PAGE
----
Point Sur is one of those majestic and nostalgic light stations as it stands alone and aloof upon a Volcanic Rock just off Big Sur California. It still continues to guide ships along its treacherous coast. Equipped today with aero-beacon as it modern day guidance system, it performs the duty it was designed to do.
The island point was 369 ft high and its top was approx 10-12 ft wide, surrounded by steep rock faced vertical cliffs. A stretch of soft faced sand connected the island to the mainland. Several ships was lost near this point,Ventura was such a ship lost in 1875. In 1935, 2 of the keepers witnessed the the destruction of the airship MACON. It crashed in 1450 ft of sea water. Of 83 crew, only 2 perished.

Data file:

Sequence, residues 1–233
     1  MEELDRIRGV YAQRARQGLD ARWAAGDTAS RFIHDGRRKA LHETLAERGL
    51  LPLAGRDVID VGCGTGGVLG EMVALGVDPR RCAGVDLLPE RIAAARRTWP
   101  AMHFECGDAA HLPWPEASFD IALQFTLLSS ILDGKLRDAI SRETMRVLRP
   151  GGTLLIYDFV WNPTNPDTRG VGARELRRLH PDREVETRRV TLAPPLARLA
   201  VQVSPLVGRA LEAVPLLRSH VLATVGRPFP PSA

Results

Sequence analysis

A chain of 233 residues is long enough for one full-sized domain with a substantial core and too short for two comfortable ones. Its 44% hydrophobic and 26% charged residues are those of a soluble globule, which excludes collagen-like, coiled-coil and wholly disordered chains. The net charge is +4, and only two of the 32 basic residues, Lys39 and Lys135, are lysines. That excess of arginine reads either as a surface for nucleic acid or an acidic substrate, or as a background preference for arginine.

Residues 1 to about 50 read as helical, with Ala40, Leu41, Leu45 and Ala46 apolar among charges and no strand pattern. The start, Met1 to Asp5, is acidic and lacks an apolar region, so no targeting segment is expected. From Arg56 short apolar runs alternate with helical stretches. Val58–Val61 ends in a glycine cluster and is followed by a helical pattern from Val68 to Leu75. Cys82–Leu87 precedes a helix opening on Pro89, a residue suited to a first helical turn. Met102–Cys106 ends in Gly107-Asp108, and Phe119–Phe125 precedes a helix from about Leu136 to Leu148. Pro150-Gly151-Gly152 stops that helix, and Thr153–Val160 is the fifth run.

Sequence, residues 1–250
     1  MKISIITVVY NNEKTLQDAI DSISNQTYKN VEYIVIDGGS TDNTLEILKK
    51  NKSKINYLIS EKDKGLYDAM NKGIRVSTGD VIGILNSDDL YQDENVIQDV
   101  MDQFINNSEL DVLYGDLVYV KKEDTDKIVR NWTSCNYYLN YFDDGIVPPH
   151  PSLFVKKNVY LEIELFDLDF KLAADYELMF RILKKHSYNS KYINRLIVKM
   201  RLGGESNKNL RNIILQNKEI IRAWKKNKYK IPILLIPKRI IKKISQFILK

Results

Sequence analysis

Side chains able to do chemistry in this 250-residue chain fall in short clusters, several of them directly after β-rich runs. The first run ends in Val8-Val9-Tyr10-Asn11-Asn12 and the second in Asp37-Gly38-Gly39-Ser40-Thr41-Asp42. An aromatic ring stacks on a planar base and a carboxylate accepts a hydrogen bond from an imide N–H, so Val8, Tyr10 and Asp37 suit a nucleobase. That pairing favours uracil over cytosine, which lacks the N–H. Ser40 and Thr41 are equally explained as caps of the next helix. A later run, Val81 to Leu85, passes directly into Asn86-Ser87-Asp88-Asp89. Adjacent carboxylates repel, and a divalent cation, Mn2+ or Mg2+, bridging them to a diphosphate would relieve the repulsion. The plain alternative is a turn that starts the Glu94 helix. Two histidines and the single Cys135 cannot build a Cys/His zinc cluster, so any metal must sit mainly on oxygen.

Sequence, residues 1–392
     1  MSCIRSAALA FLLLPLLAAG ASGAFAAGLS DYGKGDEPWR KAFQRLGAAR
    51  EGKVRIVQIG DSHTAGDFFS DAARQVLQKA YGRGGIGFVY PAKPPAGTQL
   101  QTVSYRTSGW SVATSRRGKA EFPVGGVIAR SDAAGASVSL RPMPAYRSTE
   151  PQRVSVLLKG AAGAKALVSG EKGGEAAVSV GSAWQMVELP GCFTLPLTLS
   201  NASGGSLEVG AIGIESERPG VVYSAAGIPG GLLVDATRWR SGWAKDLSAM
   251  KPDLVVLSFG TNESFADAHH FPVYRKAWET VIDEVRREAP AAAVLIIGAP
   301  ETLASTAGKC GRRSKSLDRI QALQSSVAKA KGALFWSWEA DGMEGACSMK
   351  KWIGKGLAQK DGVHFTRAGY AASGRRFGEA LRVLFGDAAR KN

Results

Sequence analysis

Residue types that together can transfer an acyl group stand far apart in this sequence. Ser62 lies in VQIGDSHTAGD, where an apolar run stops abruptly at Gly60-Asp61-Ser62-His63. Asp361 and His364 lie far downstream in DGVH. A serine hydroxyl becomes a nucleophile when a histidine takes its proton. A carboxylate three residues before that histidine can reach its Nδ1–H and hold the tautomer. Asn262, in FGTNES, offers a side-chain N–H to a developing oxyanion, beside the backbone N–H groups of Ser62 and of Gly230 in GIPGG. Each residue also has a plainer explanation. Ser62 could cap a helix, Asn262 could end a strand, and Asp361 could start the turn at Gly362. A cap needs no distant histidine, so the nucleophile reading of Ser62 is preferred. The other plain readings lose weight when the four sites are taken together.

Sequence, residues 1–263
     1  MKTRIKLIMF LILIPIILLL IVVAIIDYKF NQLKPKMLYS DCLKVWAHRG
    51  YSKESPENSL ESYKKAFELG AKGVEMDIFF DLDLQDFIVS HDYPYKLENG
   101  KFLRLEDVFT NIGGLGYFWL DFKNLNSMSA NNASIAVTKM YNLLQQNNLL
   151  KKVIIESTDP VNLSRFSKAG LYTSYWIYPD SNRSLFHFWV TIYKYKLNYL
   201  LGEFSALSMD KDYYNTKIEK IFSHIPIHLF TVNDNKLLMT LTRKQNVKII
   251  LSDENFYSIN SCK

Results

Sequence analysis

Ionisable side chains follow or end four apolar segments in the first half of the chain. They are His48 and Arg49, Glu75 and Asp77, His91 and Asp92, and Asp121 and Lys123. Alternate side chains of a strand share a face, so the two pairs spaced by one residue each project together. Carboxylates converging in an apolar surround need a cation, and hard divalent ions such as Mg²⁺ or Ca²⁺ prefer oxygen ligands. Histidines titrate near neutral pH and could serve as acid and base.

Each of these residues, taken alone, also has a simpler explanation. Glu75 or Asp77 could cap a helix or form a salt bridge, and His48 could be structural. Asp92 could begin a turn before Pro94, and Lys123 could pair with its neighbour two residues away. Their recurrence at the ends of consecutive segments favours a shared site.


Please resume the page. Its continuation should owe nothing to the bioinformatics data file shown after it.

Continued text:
By Nov 1888, the 40 ft granite tower was nearly finished. Its adjoining rooms was ready to receive fuel storage and whistle or fog horn blowers. The first signal was twin steam whistles. Wood was burned to heat the boiler and produce the steam. air horns replaced the steam whistles . Whenever fog reduced visibility, the signals where used to warn that ships were in danger of hitting the rocks off shore. Then they ran out of money. New money was appropriated in 1889 and work resumed.
The lens apparatus is 18 ft tall, the optical portion is almost 8 ft tall and 6 ft dia. The optic weighs 4,330 lbs. The apparatus has 16 panels of prisms, each with a "bulls eye" in the center surrounded by concentric rings of prismatic glass. Each ring projects a short distance beyond the previous one. Additional reflecting prisms are located above and below the center. As the cylinder of prisms turns, each panel "collects" and "bends" light into a single focused beam. Light from Point Sur's Fresnel lens was visible for 23 nautical miles.
California Lighthouses, Umbrella Guide, Sharlene and Ted Nelson
The History Of Point Sur